University students, across various disciplines, often don’t have the expressive resources to write cohesive, critical reflections. This is due, in part, to their inexperience in analysing texts that embed reflection.
Academic reflective writing can be scaffolded through the explicit teaching of the structure and textual features of the genre. Once a shared language and structure is developed, students can use the textual framework as a self-assessment tool for their writing. It is assumed students are already familiar with the 4Rs reflective writing framework of reporting & responding; relating; reasoning; and reconstructing. This pattern might take place over a couple of sessions.
- Ask students to write a short reflective piece related to your unit activities (this may have been done previously).
- Explain the usefulness of identifying and using appropriate language and textual structures when writing reflection for assessment.
- Remind students of the 4Rs reflective writing framework.
- Show students a number of exemplars of reflective writing (write short pieces yourself, or use examples you may have collected, see the MAE pattern).
- Ask students to identify the purpose of the texts, using the 4Rs model as a prompt (this is important as the structure and textual features depend upon the purpose).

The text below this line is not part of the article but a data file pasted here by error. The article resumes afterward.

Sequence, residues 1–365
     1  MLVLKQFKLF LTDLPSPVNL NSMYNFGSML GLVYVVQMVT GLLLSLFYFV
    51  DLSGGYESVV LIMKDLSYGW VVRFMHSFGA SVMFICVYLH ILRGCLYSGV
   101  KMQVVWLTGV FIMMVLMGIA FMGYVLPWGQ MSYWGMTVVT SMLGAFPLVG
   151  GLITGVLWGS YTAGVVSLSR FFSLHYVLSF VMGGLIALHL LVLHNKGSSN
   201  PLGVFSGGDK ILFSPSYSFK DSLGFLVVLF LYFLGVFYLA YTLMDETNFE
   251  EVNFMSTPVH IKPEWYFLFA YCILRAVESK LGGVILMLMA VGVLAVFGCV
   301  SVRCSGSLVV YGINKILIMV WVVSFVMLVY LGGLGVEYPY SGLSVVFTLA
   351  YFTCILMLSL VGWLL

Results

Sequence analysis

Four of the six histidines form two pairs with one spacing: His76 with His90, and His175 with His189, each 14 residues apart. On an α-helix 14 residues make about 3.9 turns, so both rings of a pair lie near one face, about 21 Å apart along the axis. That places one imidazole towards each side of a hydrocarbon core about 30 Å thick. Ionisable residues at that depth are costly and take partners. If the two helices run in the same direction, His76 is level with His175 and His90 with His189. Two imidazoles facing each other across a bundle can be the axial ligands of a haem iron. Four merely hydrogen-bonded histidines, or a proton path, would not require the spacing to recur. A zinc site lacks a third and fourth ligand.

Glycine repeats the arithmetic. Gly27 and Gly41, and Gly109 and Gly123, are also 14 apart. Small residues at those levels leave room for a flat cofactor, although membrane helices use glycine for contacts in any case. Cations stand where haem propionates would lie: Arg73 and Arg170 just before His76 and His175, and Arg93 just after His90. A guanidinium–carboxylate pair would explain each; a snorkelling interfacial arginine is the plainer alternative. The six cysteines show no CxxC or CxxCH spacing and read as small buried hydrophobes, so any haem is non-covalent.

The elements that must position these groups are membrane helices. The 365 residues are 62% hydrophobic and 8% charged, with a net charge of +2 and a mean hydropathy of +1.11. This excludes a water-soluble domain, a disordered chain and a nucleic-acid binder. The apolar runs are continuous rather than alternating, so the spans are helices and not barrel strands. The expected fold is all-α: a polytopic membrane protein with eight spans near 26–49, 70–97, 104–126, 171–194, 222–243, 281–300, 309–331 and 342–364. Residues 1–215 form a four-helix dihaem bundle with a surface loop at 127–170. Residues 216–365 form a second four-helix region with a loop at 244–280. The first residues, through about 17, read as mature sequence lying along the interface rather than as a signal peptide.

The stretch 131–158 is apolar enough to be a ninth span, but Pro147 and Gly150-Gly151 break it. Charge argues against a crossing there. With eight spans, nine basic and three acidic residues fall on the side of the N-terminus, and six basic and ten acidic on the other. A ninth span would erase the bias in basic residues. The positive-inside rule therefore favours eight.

- Go through one of the exemplars step-by-step – ask key questions to identify the structure (see Resource 1).
- Summarise the overall structure of academic reflection (see Resource 2 – left column). Ask students to identify this structure in another exemplar.
- Now go back to one of the exemplars to look at how the language in the text achieves the purpose. Ask key questions to identify language features (see Resource 3) in the text.
- As you identify the language features above, annotate the exemplar (highlight, draw arrows etc – see Resource 4 in Common folder) to show students where they appear in the text.
- Ask students to identify some language features in another exemplar – always relating back to the purpose using the 4Rs.
- Go back to the reflective pieces that students wrote at the beginning or in a previous task – ask them to annotate their own work according to the structure and language features. What can they improve?
Ryan, M.E. (2011). Improving reflective writing in higher education: a social semiotic perspective. Teaching in Higher Education, 16(1), 99 – 111.
This pattern was initiated by Mary Ryan.